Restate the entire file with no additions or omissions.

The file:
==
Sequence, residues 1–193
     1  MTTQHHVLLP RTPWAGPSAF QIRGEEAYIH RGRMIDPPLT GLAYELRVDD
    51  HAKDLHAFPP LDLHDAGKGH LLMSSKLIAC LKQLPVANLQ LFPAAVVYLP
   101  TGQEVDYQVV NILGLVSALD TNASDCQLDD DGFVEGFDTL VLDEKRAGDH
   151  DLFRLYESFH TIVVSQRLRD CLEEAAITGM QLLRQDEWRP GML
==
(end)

Sequence, residues 1–193
     1  MTTQHHVLLP RTPWAGPSAF QIRGEEAYIH RGRMIDPPLT GLAYELRVDD
    51  HAKDLHAFPP LDLHDAGKGH LLMSSKLIAC LKQLPVANLQ LFPAAVVYLP
   101  TGQEVDYQVV NILGLVSALD TNASDCQLDD DGFVEGFDTL VLDEKRAGDH
   151  DLFRLYESFH TIVVSQRLRD CLEEAAITGM QLLRQDEWRP GML